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Piper aduncum - the great plant invader

see also my website: www.piperaduncum.net

 

When I arrived in Papua New Guinea in 1995, I noticed that the fallow vegetation in many shifting cultivation systems was dominated by a single species. Foresters told me it was Piper aduncum, an introduced species. At that time no systematic research was done on the cause for its spreading nor on its effects on soils and crops. That were reasons for a series of investigations and experiments. Below is a brief report on this highly important plant invader including current research activities and some future plans.


 

Bioinvasion

Introducing plant species into new environments can have many unanticipated ecological effects. Whether deliberately introduced as ornamentals and economic plants or brought in accidentally, new species can have devastating effects on ecosystem quality and functioning through out-competing indigenous species and habitat modification. As a result, an endemic flora may become extinct. An example which has recently gained attention in Africa and Asia is the small shrub Chromolaena odorata, a native of Central and South America which was brought to Asia in the late 19th century. It then spread rapidly across Asia and arrived in Africa in the 1940s. Its spread is closely related to human activities, in particular frequent disturbances of the natural vegetation from agriculture and road maintenance. An example from the Pacific is Miconia calvescens which was introduced as an ornamental but is now one of the major pests in the Society Islands of the Pacific where it is nicknamed the “green cancer”.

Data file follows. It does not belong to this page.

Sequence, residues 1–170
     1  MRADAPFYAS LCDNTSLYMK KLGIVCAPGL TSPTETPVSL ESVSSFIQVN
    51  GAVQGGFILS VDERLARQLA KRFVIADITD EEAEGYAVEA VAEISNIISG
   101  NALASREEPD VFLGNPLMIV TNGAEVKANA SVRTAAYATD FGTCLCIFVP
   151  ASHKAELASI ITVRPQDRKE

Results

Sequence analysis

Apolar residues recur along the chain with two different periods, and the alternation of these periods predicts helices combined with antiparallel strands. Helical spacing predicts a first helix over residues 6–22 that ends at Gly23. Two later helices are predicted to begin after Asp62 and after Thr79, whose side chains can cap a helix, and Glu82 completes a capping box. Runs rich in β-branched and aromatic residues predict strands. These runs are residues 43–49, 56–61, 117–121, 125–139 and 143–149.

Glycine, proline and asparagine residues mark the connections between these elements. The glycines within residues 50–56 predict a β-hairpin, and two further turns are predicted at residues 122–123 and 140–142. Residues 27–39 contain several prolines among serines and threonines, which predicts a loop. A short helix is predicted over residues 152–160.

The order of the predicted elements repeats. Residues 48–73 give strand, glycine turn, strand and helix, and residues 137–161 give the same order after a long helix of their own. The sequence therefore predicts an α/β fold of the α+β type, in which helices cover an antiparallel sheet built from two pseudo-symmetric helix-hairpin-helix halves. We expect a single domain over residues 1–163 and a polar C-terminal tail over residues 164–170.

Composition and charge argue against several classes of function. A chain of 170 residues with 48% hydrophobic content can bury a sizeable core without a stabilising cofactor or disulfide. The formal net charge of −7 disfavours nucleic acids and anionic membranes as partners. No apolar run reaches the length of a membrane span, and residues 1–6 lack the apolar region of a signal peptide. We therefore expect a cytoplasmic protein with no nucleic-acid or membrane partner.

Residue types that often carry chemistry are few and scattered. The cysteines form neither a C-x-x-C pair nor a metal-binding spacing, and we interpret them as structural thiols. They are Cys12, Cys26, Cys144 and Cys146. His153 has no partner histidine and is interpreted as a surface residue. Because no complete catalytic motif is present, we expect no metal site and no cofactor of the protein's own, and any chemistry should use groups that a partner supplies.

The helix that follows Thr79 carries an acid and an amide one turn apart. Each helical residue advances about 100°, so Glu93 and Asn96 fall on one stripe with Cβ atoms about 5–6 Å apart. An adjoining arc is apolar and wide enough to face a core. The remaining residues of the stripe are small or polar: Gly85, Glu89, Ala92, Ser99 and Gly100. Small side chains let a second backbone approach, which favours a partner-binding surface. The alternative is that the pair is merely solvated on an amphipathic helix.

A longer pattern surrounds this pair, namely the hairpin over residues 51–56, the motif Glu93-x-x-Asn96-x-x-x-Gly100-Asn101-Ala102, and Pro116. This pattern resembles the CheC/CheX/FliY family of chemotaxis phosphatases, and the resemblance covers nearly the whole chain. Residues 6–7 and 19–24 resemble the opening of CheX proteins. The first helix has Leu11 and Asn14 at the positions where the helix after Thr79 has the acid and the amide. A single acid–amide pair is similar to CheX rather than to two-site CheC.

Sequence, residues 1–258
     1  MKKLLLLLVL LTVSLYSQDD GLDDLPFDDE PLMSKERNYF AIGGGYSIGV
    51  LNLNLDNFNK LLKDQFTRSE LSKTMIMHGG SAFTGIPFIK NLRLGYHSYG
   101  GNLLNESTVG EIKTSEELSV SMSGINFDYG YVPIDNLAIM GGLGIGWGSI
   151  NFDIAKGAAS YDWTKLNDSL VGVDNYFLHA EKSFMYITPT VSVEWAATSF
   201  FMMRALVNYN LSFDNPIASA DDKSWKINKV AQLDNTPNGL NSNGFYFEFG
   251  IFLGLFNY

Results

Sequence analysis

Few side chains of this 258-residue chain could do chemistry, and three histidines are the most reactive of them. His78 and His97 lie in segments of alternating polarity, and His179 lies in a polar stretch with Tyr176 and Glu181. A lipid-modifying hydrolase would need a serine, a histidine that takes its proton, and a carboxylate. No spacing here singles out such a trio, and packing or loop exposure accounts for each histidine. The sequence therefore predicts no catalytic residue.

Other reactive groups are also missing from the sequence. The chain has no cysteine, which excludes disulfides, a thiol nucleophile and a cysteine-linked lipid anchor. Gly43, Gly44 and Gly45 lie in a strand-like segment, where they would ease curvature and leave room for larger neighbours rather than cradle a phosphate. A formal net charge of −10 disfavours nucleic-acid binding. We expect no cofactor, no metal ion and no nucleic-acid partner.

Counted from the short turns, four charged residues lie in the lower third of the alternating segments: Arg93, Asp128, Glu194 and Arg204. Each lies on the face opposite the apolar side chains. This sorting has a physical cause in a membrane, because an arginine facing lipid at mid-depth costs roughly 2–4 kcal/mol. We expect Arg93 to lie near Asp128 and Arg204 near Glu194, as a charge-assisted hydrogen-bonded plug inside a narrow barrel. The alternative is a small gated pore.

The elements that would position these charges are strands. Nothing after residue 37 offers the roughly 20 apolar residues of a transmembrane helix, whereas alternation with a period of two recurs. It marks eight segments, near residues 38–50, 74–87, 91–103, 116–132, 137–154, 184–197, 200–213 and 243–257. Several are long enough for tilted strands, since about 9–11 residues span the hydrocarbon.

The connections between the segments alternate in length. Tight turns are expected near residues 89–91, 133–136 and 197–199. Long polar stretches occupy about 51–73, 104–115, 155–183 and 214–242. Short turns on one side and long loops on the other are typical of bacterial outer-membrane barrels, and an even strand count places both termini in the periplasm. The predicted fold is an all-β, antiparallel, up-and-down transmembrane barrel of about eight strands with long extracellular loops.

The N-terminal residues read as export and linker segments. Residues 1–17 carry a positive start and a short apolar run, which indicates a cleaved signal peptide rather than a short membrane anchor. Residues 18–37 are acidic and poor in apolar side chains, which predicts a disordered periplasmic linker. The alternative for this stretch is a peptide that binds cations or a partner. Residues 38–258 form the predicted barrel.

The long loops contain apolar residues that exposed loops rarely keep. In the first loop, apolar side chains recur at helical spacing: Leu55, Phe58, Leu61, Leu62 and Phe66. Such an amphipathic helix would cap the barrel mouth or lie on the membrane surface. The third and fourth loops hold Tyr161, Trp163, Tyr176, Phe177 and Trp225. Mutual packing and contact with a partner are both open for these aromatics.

In many areas of Papua New Guinea the shrub Piper aduncum has invaded. The invasion of Piper aduncum in the humid lowlands appears similar to the spreading of Chromolaena odorata in Asia and parts of West Africa, and to the invasion of Miconia calvescens.

 


Origin of Piper aduncum

Piper aduncum is a member of the family Piperaceae of which there are some economically important species in the Pacific, including Piper nigrum (pepper), Piper methysticum (kava), and Piper bettle of which the fruits are used with betel nut (Areca cathecu) in Papua New Guinea. Piper aduncum is a shrub or small tree with alternate leaves and spiky flowers and fruits. It occasionally reaches an height of 7 to 8 m, and has very small seeds, which are mostly dispersed by the wind, fruit bats and birds. Piper aduncum is common throughout Central America where it is found between sea level and 2,000 m a.s.l. along roadsides and in forest clearance areas on well-drained soils. It occurs in Mexico, Central America, Surinam, Cuba, Southern Florida, Trinidad and Tobago, and Jamaica and is very common in Costa Rica on open or partly shaded sites. In the Neotropics, Piper aduncum may be locally abundant but the species rarely dominates the vegetation or is found in mature vegetation. In the Amazon areas, it has been reported as an invading plant after timber exploitation. Extracts of Piper aduncum are used as folk medicine in South America. The species is mentioned in several ethnopharmalogical databases, and has antifungal and antibacterial compounds.   

Genteng Highlands piper & Arif.jpg (127817 bytes)  Genteng Highlands piper & ferns 3.jpg (168123 bytes)  Genteng Highlands piper disturbed sites 2.jpg (123999 bytes)  Piper aduncum.jpg (51569 bytes)

Thumbnails: In Malaysia Piper aduncum is common in secondary 

fallow vegetation in the Genteng Highlands

 


 

Spreading of Piper aduncum

Piper aduncum was introduced in the Botanical gardens of Bogor (Indonesia) in the 1860. By the 1920s, it commonly occurred in a radius of 50 to 100 km around the Botanical Gardens in young secondary vegetation, close to rivers and on very steep slopes, locally in dense stands. Piper aduncum was noted in Jayapura in 1955 and in Biak in 1960 on Papua (Irian Jaya) and in Malaysia (see thumbnails above) and Borneo in the 1960s. It has also been recorded in Singapore and Sumatra, and is on the list of unwanted weed species by the quarantine service of Australia. Piper aduncum was introduced into Fiji in the 1920s and is now widespread in the wet and intermediate zones of Viti Levu. It is also found on Hawaii, Vanuatu, Christmas Island and the Solomons Islands. It is not known when and how Piper aduncum arrived in Papua New Guinea but it is likely that the seeds came in by accidental transport from Papua or perhaps from Fiji. The botanist Mary Clemens first observed Piper aduncum in 1935 near the mission station Heldsbach in the Morobe Province.